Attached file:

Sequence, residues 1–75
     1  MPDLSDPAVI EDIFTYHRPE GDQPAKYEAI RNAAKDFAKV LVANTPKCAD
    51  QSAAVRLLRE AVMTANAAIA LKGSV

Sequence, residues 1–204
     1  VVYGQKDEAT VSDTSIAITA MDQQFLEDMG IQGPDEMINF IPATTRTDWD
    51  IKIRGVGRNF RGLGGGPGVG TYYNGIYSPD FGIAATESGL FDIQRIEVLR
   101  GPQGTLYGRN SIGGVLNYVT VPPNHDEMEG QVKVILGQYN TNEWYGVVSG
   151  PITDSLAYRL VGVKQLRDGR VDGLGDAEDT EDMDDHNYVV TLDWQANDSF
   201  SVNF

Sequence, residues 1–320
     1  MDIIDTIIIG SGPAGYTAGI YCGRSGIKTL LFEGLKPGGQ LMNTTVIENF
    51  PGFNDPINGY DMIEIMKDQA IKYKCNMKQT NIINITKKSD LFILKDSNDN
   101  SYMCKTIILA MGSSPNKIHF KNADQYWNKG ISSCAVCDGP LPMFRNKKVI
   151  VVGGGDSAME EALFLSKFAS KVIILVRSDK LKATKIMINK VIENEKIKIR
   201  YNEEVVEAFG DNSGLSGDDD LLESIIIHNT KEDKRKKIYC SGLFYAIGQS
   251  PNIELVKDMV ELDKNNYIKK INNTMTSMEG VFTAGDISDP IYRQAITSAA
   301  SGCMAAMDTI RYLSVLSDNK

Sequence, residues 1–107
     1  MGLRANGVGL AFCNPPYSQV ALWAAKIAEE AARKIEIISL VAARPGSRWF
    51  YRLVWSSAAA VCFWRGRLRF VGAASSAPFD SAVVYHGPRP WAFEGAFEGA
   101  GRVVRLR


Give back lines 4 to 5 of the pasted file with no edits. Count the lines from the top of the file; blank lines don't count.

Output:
Sequence, residues 1–204
     1  VVYGQKDEAT VSDTSIAITA MDQQFLEDMG IQGPDEMINF IPATTRTDWD